I'm also thinking of Wade Harter, who died thirty summers ago.
When Rhonda and I started dating during our senior year in high school, Wade Harter, a friend to us both, confessed to me that he'd been in love with Rhonda since he'd first met her. It was a strange moment, but Wade was such an earnest, honest, stand-up guy that the episode really didn't live up to its potential for awkwardness.
Rhonda loved him too, but not in that way. I already knew that.
Wade came from a poor family, and had no hope of attending college through any help from his parents. He carried college prep classes, worked thirty-six hours a week after school and on weekends, and was an overachieving average-sized guy on the football team. Despite a country-bumpkin demeanor, he was smart both in the academic and practical sense. He was also one of the genuinely warmest, kindest, and funniest people I've ever met in my life. He was the sort of guy who would drop everything to help someone out, despite the fact that he hardly had enough spare time to blow his nose.
I expected that Wade and I would no longer be friends. I was wrong. Wade, being the special man he was, stayed friends with Rhonda, and with me. At one point, I remember being worried that I would somehow ruin the developing relationship with Rhonda by overthinking things. It was Wade who reassured me and bolstered my confidence, all the while with a hurt look in his eyes. I was lucky to keep him as a friend. I was lucky that he happened to like the guy who'd won the heart of the girl he loved.
I went off to Army flight training a few months after graduating from high school. It's an old, sad story: boy gets girl, boy goes into military, boy loses girl. It wasn't long before things grew strained between Rhonda and me. We tried to hold on to what we had, but then came horrible news.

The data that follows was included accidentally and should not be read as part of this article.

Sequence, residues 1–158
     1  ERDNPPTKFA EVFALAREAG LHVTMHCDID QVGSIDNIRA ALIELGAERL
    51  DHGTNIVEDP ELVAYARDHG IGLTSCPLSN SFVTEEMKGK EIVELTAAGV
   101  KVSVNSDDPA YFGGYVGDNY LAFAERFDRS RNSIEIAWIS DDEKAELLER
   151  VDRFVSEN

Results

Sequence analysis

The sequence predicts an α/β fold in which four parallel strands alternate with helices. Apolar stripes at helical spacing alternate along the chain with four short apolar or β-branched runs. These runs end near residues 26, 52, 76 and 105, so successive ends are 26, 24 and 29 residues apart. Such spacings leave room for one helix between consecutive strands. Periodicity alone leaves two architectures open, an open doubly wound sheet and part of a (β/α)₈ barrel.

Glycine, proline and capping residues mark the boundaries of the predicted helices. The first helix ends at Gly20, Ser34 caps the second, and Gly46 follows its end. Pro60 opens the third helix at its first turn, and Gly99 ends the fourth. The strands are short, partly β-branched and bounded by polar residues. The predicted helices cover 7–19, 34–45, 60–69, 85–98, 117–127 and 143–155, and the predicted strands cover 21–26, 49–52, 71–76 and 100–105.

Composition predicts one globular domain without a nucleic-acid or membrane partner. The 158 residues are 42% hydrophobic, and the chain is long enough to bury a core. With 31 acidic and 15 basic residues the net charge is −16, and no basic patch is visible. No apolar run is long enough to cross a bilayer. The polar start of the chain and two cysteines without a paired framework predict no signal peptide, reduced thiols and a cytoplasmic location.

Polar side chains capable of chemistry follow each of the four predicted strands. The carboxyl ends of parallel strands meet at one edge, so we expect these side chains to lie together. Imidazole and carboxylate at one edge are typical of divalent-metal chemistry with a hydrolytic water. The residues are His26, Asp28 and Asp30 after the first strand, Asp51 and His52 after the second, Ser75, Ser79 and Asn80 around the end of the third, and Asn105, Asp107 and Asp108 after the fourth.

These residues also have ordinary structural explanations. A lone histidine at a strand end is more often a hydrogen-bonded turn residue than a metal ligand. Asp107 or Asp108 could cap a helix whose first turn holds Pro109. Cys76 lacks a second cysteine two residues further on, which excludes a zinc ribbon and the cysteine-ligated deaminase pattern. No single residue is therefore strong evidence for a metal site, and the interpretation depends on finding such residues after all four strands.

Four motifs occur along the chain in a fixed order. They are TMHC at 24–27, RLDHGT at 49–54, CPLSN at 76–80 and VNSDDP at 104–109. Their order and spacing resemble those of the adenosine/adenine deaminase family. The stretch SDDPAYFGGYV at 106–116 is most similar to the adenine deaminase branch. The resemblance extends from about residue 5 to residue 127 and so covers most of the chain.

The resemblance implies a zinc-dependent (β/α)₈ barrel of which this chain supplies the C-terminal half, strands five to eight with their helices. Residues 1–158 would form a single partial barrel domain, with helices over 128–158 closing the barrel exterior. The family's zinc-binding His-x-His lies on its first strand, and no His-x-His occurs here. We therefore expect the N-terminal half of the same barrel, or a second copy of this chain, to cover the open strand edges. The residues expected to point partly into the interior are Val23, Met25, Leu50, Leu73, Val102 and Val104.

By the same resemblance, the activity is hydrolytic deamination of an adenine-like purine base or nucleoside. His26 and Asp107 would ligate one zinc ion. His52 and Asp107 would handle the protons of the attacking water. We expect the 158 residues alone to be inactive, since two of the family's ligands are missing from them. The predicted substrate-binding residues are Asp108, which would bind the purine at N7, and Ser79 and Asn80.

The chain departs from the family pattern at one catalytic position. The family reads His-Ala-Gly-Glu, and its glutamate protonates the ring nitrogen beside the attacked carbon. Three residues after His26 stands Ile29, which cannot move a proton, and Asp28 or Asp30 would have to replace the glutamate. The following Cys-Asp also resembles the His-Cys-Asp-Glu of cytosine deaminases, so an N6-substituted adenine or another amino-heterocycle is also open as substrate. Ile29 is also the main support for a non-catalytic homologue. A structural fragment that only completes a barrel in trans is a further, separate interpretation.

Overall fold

Wade had secured a full-ride scholarship at the University of Wyoming. It was his dream come true, as he wanted to live the rest of his days in Wyoming. But then, on the Fourth of July, between his sophomore and junior years, a drunk driver crossed over a double yellow line and slammed into Wade's car. Wade was killed instantly.
Wade's death seemed to dissolve the remaining glue that held Rhonda and me together. We'd already broken up, but after Wade's death, we talked less and less. Soon, we would simply stop talking.
The feelings between us didn't disappear, though. Rhonda and I saw each other again in 1993, eighteen years after breaking up, and we married five months later.
Hey, sometimes I still don't believe it.
So now, I wish my wife, and all the mothers out there, a Happy Mother's Day. Our little boy will soon turn six, and I cannot think of a mother alive who has showered more love on a child. I'm thankful that she fell in love with me back in 1974, and not the guy who I know in my heart was the better man.
As for me, I think of myself as a good husband, and a good father, but I hope that someday I'll be as good a man as Wade Harter.
That's a tall order.